The FINANCIAL — Despite the downward pressure on defense spending and relatively slow sales in the commercial aircraft and business jet segments, the global aerospace and defense (A&D) industry has continued to show resilience in 2010, according to a new study released on July 18 by the Deloitte Global Manufacturing Industry Group.
Holding steady: 2010 Midyear outlook for the global aerospace and defense sector, examines the quarterly financial statements released thus far in calendar year 2010 by 25 top global A&D companies.
Sales revenue growth was -1.01%. Operating profit growth was -1.92% and operating margin growth was -0.92%, all pointing to flat financial performance for the first quarter of 2010.
“Despite these growth challenges, the industry remains resilient and performing better than many other sectors hit hard by the recession. The imperative now will be to cut costs and grow top line revenue in new areas to demonstrate to global markets the ability to grow profits again,” said Tom Captain, Global Aerospace & Defense Sector Leader, Deloitte Touche Tohmatsu Global Manufacturing Industry Group.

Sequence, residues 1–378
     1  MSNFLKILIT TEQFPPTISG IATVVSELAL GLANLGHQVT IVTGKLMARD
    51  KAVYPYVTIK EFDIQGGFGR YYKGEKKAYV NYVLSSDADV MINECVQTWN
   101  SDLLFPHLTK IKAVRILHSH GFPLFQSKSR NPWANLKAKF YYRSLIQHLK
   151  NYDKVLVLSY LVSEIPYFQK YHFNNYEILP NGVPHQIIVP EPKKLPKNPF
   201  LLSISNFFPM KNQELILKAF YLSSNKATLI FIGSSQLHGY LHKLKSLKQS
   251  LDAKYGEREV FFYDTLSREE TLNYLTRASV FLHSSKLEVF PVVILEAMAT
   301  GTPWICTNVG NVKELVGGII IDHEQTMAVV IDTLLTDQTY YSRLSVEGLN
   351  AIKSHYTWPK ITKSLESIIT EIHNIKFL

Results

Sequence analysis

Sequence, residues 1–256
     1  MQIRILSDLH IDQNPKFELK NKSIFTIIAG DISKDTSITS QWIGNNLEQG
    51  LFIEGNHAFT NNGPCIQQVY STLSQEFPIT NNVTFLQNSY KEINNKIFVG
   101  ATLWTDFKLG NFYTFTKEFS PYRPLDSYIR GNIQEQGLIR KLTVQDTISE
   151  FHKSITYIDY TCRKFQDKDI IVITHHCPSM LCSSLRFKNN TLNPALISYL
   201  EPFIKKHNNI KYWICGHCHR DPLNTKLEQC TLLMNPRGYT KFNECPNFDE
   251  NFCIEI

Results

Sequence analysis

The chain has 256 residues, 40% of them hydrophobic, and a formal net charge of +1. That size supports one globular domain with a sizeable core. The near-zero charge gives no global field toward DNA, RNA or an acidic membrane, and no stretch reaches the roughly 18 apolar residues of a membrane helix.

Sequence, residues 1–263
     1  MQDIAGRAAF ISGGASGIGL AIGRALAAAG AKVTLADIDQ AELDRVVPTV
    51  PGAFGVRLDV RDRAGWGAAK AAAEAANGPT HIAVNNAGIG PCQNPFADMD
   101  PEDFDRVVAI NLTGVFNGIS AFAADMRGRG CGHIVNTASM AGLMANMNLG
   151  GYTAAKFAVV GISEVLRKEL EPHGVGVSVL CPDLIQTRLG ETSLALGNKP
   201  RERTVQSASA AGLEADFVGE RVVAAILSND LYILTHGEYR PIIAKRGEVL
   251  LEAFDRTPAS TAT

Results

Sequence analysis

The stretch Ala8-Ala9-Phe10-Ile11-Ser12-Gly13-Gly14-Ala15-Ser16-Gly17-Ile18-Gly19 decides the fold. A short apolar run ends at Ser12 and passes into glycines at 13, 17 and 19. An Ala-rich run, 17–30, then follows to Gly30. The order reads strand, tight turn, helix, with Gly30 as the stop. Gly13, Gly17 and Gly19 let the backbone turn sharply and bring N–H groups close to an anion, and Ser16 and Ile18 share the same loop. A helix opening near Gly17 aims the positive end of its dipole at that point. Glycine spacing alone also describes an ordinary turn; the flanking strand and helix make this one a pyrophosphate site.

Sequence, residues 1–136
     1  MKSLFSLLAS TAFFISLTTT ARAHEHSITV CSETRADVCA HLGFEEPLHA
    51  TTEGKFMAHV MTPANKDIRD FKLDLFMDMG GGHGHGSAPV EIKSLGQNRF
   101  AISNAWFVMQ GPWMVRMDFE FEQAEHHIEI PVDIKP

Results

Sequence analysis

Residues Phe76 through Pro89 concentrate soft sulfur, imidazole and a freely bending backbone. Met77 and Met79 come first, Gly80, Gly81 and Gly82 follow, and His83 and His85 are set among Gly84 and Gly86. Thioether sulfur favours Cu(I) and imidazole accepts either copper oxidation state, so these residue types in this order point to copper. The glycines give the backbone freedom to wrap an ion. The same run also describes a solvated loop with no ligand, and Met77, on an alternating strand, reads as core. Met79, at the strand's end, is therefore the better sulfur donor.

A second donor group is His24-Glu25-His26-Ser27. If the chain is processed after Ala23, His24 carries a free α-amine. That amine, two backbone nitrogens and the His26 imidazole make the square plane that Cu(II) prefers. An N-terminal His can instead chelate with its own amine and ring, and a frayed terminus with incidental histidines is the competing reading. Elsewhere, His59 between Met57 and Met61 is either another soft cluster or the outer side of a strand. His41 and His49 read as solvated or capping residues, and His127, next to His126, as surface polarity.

According to the outlook, defense spending, which is led by the United States (U.S.) Department of Defense, is decreasing, with a 5% drop in research and development spend expected into fiscal year 2011, and a base budget increase of only 1.8% that barely keeps pace with inflation. The United Kingdom (UK) is expected to have a steeper decline in defense spending. However, the study also states that defense expenditure in India is expected to increase to US$32 billion and spending in the Gulf Coast countries is expected to rise dramatically.
“Decreasing defense spend by developed countries will require smarter use of the remaining funds in order to develop and deploy the technologies needed to counter more sophisticated adversaries,” added General Charles Wald (United States Air Force retired), Director and Senior Advisor to the A&D sector, Deloitte LLP in the United States.
Other key findings from the study include:
• Commercial aircraft sales are rebounding, albeit from a low base, with a 127% annual increase through to May 2010.
• Commercial aircraft backlog as of May 2010 stands at 6,600 units, representing six years of guaranteed work, and provides some comfort to suppliers going forward.
• For defense companies, key areas generating new revenue sources include mission capability software integration, battle space simulation, directed energy, precision engagement, threat identification, and energy and infrastructure security.
• The number of merger and acquisition deals is up 10% over last year with more than a 300% increase in the value of deals completed or in process.